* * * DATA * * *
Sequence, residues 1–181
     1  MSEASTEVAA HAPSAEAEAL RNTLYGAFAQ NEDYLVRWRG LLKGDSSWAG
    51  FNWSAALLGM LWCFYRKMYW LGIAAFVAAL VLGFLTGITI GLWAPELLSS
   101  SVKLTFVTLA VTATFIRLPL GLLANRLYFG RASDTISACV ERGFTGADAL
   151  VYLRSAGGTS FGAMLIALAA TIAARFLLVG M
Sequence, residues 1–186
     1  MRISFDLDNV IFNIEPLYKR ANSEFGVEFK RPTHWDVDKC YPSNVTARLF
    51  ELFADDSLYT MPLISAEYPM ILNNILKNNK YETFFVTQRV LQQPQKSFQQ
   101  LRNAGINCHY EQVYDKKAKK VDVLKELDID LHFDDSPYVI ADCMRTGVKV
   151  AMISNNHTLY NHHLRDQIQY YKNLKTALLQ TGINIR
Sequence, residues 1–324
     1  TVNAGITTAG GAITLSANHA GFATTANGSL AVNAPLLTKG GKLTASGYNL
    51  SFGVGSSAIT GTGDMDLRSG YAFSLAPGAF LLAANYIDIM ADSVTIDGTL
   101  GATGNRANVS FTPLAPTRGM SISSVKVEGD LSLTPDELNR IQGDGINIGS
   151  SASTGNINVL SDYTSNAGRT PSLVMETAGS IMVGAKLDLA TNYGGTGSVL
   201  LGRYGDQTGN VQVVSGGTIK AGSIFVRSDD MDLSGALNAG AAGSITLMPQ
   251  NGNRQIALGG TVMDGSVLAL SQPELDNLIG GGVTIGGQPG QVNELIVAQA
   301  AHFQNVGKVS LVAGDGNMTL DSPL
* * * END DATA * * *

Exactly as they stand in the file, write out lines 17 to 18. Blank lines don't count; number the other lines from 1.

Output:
   251  NGNRQIALGG TVMDGSVLAL SQPELDNLIG GGVTIGGQPG QVNELIVAQA
   301  AHFQNVGKVS LVAGDGNMTL DSPL